Today is National Orgasm Day throughout Great Britain.
We don’t have such a day here in the U.S. (although good Americans do observe National Masturbation Day on May 7). In a country that criminalizes vibrators and classifies contraception as abortion, celebrating orgasm is a little advanced.
But let me speak against National Orgasm Day for a moment.
Because as a sex therapist, I observe people making way too much fuss about orgasm.
Don’t get me wrong, I think orgasms are fine—hey, some of my best friends have them.
But orgasm lasts, what—six, eight seconds? As good as those 8 seconds can be, they’re not worth a whole lot of aggravation. Or boredom, or guilt. Or doing a bunch of stuff that you don’t really want to do.
If you’re with a partner, that’s what those eight seconds frequently cost. That’s part of masturbation’s appeal—most people get an orgasm without a lot of hassle. You don’t have to take anyone out to dinner, kiss someone who needs to brush their teeth, or give anyone else head. You touch yourself, think about something pleasant, and in a few minutes a little magic door opens. Momentarily.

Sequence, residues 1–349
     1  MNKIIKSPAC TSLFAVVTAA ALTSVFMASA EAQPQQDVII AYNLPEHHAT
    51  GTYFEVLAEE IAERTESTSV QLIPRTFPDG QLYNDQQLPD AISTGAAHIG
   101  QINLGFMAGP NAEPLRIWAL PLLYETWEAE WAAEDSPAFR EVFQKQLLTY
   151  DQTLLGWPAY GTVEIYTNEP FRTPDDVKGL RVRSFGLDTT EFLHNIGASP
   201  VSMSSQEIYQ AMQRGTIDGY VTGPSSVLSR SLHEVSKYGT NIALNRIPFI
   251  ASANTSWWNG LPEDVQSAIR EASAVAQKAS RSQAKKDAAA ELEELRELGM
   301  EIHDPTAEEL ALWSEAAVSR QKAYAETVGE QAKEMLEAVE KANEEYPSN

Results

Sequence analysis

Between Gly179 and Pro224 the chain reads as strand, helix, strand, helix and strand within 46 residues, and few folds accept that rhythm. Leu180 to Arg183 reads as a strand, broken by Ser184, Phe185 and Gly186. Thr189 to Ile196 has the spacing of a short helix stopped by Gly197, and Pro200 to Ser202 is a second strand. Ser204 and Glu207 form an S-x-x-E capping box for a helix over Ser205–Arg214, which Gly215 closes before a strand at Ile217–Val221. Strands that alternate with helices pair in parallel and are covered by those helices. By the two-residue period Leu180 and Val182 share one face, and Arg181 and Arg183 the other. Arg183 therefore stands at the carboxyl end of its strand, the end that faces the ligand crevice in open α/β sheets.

Depending on how you and your partner do things, it’s anywhere from 10 minutes to an hour from the time you undress until you climax. Ideally, people would enjoy every single one of those 10 to 60 minutes. But frequently they don’t. They’re thinking about their saggy butt, their unreliable erection, how their vulva smells. While many people love every part of sex, too many others are just trying to get through it, hoping to be competent, wanting for the Big Payoff that give the whole thing meaning.
That’s so sad. It’s people like that who give orgasm a bad name.
Orgasm is not the point of sex. It’s a little bonus, a fine bit of punctuation. If it’s the best part of sex for you, you’re missing a whole lot. If it’s the only part of sex you enjoy, it can’t possibly be worth it.
National Orgasm Day? How about National Relax & Enjoy Sex Moment-By-Moment Day?
That would be something to celebrate. And not just one day per year.